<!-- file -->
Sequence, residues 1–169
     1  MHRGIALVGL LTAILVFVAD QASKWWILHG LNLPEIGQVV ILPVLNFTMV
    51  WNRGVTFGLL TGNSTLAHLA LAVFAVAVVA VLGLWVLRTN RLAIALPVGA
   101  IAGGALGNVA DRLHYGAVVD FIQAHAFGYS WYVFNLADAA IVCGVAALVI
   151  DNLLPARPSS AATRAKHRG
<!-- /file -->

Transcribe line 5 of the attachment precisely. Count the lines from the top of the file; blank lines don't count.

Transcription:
   151  DNLLPARPSS AATRAKHRG